When we got back from Croatia, we could not stop think about that dinner. We’d sail back to the town of Hvar to order this dish again, but in reality, recreating something similar in the kitchen would be the fastest way to have a little taste of Croatia again.
Mediterranean Roast Fish with Potatoes 
Serves 2-3 (depending on the size of the fish) / Prep-time: 45 min
Ingredients:
  • 1 big red snapper ( I think the one we got was about 2 and a half pound)
  • 3 or 4 small potatoes (thinly sliced)
  • 1 leeks (thinly sliced)
  • olive oil
  • garlic (minced)
  • fresh parsley (chopped)
  • capers
  • lemon
  • dry white wine
  • salt and pepper

Directions:

Pre-heat oven 375F
Rub the fish with olive oil. Combine garlic, parsley, capers, wine and lemon juice, and pour the mixture over the fish. Season with salt and pepper.

Pour yourself  a glass of wine and take a sip, we’re recreating the Croatian lifestyle here. Mix the sliced potatoes and leeks, season it with olive oil, parsley, salt and pepper. In a baking dish, arrange the potato-leek around the fish. Bake for 20-30 min or until done.

Ready to put in the oven.

You’ll have to debone it at the table before eating, if you don’t know how, you might have to invite a Chinese guest to share the dish and help you with that!!

Tuna Niçoise Tartine at Bouchon Bakery

Tuna Nicoise Tartine

Happy Bastille Day!! What a perfect occasion for some Parian style cuisine. well, actually, we didn’t realize it’s Bastille Day until we walked into Bouchon Bakery.  Bouchon Bakery in Timer Warner Center is definitely one of our favorite restaurants in the city. Whenever we come to Columbus Circle, even though there are many other restaurants in the area, Bouchon Bakery is always our go-to place for a nice and simple sit-down lunch.

As we sat down at the bar, we were presented with the Bastille Day Special Pre-fixe Menu – A three course lunch with dishes like moules au saffron, poulet roti with polenta, and peach melba for 38 dollars, not a bad deal at all. I can’t say we weren’t tempted, but we both went for the Tuna Niçoise Tartine on the regular menu instead. There’s something magical about this Tuna Niçoise here, we (or at least me) can never manage to turn it down. The tartine is basically an open-faced sandwich– with a big generous mountain of tuna salad on a slice of fresh pain de campagne (which is a round French country-style loaf similar to sourdough), topped with thinly sliced radishes, eggs and sprinkles of sweet paprika and fresh chives. The tartine is served with a side of field green salad and baby pickles, just enough to round out a perfect meal. Instead of drowning the tuna in heavy mayonnaise, Bouchon Bakery’s chef, Tomas Keller, blends the tuna with shallots, capers and other herbs for a flavorful mix, and finishes it with Garlic Aioli to give it the sweet and creamy sensation. This is a tuna niçoise sandwich that bursts with flavors, yet nothing overwhelms the freshness tastes of the tuna,  it’s creamy but light,… ahhh…. it’s just extremely satisfying and yet healthy. How I want to give the chef an award for this wonderful creation. Even the bartender told us that this dish has changed  a lot of people’s impression on tuna salad. It is no doubt one of the best sandwiches on our lists.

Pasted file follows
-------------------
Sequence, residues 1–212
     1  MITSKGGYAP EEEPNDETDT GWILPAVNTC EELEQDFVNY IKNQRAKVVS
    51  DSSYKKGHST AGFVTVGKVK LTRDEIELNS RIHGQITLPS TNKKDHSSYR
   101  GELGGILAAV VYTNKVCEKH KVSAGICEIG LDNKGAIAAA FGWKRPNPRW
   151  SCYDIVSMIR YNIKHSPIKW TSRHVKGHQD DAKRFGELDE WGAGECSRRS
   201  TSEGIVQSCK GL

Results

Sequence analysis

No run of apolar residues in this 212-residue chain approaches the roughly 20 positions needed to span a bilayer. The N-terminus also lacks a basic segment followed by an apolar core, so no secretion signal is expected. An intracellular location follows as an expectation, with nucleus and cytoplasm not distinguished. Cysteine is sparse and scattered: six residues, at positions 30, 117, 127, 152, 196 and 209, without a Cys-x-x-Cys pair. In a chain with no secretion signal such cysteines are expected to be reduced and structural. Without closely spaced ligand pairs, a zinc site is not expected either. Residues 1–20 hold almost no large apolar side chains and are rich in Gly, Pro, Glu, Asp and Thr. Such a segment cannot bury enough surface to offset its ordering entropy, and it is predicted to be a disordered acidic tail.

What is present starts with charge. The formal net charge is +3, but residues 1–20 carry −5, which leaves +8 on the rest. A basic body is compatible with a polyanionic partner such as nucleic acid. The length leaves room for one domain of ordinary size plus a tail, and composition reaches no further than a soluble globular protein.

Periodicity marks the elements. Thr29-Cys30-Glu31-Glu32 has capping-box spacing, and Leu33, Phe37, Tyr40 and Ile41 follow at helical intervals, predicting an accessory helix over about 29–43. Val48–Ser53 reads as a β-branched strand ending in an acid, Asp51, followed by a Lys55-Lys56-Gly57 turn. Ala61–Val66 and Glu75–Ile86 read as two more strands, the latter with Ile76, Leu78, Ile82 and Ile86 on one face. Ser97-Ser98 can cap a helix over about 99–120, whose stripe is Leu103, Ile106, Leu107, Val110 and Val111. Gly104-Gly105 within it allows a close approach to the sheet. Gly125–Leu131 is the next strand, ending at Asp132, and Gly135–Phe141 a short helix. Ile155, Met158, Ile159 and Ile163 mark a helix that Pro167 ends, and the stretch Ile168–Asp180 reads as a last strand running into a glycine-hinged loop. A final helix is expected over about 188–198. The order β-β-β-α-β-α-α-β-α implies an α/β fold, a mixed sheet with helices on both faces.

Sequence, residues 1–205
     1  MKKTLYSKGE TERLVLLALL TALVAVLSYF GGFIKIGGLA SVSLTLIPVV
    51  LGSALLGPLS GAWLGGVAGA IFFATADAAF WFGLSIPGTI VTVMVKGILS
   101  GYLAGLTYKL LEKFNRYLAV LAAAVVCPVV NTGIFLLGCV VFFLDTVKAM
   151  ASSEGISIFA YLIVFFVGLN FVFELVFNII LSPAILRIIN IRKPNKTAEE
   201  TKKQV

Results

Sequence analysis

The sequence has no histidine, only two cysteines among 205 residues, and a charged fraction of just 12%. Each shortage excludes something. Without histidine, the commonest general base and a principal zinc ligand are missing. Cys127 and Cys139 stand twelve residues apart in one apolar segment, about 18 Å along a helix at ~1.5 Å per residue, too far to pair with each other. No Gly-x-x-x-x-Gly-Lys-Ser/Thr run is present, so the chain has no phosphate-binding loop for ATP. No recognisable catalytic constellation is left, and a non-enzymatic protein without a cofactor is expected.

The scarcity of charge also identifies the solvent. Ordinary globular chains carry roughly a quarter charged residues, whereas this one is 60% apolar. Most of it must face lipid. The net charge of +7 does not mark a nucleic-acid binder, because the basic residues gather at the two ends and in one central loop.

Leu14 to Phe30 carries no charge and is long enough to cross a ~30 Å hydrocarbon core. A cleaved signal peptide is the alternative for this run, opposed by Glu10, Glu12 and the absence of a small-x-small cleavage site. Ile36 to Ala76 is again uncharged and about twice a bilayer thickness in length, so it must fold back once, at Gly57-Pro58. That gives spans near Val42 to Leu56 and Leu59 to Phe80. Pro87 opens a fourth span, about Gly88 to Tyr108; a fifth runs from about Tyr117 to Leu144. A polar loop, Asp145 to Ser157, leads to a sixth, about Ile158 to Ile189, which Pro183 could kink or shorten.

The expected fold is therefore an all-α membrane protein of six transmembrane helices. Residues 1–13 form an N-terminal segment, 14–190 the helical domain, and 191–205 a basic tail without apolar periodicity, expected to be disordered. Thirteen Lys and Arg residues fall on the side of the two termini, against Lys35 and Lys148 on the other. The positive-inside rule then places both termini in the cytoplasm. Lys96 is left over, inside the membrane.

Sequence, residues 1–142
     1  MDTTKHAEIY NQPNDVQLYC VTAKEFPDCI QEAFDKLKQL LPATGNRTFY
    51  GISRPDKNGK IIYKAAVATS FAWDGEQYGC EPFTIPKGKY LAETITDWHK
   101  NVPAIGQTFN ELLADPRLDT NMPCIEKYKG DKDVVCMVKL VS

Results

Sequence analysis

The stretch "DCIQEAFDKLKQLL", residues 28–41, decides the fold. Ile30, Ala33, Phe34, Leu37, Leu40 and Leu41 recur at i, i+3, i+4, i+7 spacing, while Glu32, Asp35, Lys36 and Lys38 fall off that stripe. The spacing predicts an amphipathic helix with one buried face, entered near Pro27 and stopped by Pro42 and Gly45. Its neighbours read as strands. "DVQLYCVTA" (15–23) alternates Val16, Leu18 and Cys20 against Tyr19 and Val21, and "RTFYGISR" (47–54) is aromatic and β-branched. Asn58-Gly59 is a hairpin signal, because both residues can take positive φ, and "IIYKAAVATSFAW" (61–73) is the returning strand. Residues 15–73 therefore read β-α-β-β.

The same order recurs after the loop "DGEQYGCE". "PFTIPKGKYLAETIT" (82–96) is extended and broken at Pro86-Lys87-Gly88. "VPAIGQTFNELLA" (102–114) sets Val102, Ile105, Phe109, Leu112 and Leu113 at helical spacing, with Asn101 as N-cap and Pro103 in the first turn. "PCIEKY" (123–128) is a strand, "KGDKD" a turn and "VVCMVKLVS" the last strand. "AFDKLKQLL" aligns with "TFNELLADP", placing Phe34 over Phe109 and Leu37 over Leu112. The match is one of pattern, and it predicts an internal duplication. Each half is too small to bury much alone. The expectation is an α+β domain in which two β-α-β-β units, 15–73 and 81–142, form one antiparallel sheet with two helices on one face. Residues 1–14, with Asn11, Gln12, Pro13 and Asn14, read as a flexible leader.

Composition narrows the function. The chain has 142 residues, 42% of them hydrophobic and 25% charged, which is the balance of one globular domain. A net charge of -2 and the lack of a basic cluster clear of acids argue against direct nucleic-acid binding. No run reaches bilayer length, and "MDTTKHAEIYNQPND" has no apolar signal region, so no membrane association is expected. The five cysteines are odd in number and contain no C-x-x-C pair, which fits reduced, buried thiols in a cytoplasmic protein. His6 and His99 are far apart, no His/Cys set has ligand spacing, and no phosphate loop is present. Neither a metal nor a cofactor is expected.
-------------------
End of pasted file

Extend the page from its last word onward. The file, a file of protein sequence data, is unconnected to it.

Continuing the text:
We walked out of the bakery feeling all nourished and happy, wondering how great if we could get the recipe for this yumminess…..AND, guess what I found in one of my magazine teared pages, THE RECIPE!! It’s unfortunate that name of the magazine was torn off, but i’m glad the recipe was kept untouched. We haven’t had a chance to test it out yet, but here it is…. and we sure will have another post once we get our hands on it..